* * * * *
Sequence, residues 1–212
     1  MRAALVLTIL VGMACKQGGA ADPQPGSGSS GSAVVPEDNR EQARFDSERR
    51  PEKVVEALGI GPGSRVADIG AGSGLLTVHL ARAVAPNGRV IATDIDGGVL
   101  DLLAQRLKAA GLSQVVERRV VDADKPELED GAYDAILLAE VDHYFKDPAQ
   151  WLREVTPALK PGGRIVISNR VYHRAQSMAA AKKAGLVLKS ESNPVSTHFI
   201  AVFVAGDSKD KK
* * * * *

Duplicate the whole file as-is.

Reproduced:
Sequence, residues 1–212
     1  MRAALVLTIL VGMACKQGGA ADPQPGSGSS GSAVVPEDNR EQARFDSERR
    51  PEKVVEALGI GPGSRVADIG AGSGLLTVHL ARAVAPNGRV IATDIDGGVL
   101  DLLAQRLKAA GLSQVVERRV VDADKPELED GAYDAILLAE VDHYFKDPAQ
   151  WLREVTPALK PGGRIVISNR VYHRAQSMAA AKKAGLVLKS ESNPVSTHFI
   201  AVFVAGDSKD KK